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Profile Information

Gender: Male
Hometown: South Texas. most of my life I lived in Austin and Dallas
Home country: United States
Current location: Bryan, Texas
Member since: Sun Aug 14, 2011, 03:57 AM
Number of posts: 86,944

About Me

Middle-aged white guy who believes in justice and equality for all. Math and computer analyst with additional 21st century jack-of-all-trades skills. I'm a stud, not a dud!

Journal Archives

Jimmy Kimmel on Michael Cohen's Bombshell Testimony

Posted by TexasTowelie | Fri Mar 1, 2019, 01:15 AM (0 replies)

'Star Trek: Discovery' Renewed for Season 3 as part of Expansive, Multi-Series Plan

On Wednesday, streaming service CBS All Access announced Star Trek: Discovery has been renewed for a third season.

In a press release, CBS All Access also announced Season 3 will have a new co-showrunner, Michelle Paradise, partnering with CBS Studios Star Trek series architect Alex Kurtzman. Paradise previously worked on The CW’s The Originals and joined Star Trek: Discovery as a writer for Season 2.

“Michelle joined us midway through season two and energized the room with her ferocious knowledge of Trek,” Kurtzman said in the season renewal statement. “Her grasp of character and story detail, her drive and her focus have already become essential in ensuring the Trek legacy, and her fresh perspective always keeps us looking forward. I’m proud to say Michelle and I are officially running Star Trek: Discovery together.”

Star Trek: Discovery Season 3 Renewal Just The Beginning

According to Julie McNamara, Executive Vice President of Original Content for CBS All Access, Star Trek: Discovery’s second season exceeded expectations for subscriber growth. McNamara positioned the season renewal as part of the streaming service’s expansive plans for Star Trek, making it just one component in “bringing fans new Star Trek stories for many years to come.”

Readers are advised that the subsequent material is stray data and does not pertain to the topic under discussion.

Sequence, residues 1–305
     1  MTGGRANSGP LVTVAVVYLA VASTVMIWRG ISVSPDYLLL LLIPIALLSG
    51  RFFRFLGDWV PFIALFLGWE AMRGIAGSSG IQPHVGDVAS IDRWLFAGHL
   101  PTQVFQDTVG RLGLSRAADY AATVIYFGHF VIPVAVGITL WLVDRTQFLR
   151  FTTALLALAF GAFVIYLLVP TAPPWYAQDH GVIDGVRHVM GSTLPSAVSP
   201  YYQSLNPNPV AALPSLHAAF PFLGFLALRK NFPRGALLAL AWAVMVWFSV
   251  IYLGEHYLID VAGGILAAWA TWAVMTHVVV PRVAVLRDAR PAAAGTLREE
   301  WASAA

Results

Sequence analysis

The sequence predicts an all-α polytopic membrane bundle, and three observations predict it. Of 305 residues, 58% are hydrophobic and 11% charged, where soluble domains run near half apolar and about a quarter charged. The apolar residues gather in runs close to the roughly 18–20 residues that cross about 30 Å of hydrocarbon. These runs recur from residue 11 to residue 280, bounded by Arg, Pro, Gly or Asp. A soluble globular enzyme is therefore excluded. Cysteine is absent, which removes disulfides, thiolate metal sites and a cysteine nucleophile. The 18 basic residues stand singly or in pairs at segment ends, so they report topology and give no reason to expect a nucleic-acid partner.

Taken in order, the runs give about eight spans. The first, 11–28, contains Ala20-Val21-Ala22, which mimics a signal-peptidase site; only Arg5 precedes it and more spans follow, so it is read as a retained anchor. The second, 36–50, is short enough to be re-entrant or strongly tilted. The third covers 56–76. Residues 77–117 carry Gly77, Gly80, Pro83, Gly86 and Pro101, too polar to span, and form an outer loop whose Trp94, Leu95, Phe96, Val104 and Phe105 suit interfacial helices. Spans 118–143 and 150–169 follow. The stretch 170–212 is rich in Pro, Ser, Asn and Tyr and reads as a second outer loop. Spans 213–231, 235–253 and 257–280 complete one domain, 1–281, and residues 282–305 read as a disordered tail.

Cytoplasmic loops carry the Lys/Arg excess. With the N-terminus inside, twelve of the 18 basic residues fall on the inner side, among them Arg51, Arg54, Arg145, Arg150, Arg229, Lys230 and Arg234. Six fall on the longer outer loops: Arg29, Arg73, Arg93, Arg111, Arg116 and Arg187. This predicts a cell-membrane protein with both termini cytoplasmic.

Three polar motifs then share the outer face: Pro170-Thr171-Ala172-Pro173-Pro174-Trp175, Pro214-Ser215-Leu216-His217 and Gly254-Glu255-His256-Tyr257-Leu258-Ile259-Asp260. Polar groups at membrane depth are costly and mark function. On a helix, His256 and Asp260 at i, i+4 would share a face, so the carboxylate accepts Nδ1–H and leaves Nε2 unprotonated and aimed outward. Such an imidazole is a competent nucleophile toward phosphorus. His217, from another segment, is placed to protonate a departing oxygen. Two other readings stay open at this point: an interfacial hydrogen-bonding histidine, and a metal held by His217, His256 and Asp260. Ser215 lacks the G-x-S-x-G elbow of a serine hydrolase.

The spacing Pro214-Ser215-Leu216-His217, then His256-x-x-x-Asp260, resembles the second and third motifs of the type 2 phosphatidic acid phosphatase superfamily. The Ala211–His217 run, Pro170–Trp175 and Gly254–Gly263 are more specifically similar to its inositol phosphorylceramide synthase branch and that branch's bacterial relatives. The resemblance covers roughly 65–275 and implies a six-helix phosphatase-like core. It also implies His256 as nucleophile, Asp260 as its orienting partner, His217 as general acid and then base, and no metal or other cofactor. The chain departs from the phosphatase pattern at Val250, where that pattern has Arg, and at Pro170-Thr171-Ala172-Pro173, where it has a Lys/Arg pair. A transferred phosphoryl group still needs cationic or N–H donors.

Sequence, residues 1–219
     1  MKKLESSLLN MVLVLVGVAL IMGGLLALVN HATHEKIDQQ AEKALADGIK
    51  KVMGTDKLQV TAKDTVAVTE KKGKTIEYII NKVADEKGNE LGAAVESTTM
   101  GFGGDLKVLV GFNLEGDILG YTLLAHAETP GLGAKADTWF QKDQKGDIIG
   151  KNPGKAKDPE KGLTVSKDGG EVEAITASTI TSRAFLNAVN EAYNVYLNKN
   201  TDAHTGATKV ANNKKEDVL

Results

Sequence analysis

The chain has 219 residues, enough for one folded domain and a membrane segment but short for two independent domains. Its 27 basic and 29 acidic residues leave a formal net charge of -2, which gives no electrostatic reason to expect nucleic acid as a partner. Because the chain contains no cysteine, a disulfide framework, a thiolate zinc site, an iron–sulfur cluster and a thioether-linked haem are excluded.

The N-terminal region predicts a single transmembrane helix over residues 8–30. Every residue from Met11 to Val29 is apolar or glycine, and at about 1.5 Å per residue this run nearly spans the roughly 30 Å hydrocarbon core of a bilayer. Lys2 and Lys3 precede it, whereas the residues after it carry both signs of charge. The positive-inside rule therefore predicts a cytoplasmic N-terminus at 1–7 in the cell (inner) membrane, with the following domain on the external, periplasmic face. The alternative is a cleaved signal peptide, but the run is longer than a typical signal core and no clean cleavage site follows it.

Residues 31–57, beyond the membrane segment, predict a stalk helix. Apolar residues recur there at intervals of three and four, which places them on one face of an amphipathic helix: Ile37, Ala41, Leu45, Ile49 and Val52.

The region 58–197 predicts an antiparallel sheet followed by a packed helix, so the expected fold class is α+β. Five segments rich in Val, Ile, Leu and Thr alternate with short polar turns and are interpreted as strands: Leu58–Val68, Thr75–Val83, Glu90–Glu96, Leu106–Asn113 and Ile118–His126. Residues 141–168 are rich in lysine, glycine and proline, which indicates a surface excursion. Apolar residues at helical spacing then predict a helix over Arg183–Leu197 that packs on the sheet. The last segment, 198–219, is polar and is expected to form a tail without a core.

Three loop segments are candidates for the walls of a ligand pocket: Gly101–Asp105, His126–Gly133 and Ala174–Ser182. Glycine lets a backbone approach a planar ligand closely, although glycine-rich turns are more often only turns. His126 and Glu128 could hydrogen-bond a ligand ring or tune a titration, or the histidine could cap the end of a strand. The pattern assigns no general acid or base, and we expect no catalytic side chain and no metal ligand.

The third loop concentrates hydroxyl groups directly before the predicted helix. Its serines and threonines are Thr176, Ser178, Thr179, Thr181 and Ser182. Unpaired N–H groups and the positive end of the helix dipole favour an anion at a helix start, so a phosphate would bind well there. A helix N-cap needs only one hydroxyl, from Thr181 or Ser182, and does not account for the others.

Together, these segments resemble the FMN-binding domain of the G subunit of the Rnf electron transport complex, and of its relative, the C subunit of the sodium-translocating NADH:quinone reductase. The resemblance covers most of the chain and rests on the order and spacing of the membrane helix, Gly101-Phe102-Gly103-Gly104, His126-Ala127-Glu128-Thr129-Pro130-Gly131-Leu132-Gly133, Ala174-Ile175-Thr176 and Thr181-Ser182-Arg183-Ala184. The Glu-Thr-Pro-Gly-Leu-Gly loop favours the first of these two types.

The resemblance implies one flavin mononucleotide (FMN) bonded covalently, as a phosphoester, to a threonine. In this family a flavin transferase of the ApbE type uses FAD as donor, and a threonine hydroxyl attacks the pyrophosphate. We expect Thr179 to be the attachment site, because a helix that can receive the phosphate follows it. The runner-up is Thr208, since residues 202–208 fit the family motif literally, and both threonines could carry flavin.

Read more: https://www.newsweek.com/star-trek-discovery-season-3-renewed-picard-series-cbs-all-access-lower-decks-1346288
Posted by TexasTowelie | Fri Mar 1, 2019, 12:43 AM (8 replies)

Fight over progressive income tax starts in Illinois

Even though the issue would be decided at the ballot in November of 2020, Illinoisans are already getting a glimpse of what’s in store in the fight to change the state’s income tax structure from a flat percentage to one that taxes higher earners more.

Two nonprofits have formed with the missions of fighting for and against changing Illinois’ constitution to allow a higher percentage of income to be taxed from higher-earning residents.

Ideas Illinois is an initiative of the Coalition for Jobs, Growth and Prosperity. That's a privately-funded nonprofit run by former Illinois Manufacturers Association President Greg Baise and businessman James Gidwitz, brother of President Donald Trump's former Illinois campaign finance head, Ron Gidwitz. In the past, the organization successfully fought back then Gov. Rod Blagojevich's push for a Gross Receipts Tax, the union-led "card check" campaign and Cook County President Toni Preckwinkle's tax on sugary drinks."

“We will focus on policies that will create jobs and grow our economy,” it says. “It’s going to take hard work and straight talk but together we can put Illinois on the right track.”

Read more: https://www.ilnews.org/news/economy/fight-over-progressive-income-tax-starts-in-illinois/article_13e34422-3933-11e9-b083-efa4d8511c33.html

Recession fears loom over state budget talks

Gov. J.B. Pritzker's administration has laid out its revenue estimate for the coming year for a House committee, projecting an increase in the near-term and noting predictions of an economic downturn ahead.

Coming up with a revenue estimate is part of the state's budgeting process. The state's constitution requires that the budget is balanced, but politicians have been able to get around that mandate. Illinois lawmakers have a long-standing practice of spending more than the state collects. The state hasn't had a balanced budget since at least 2001.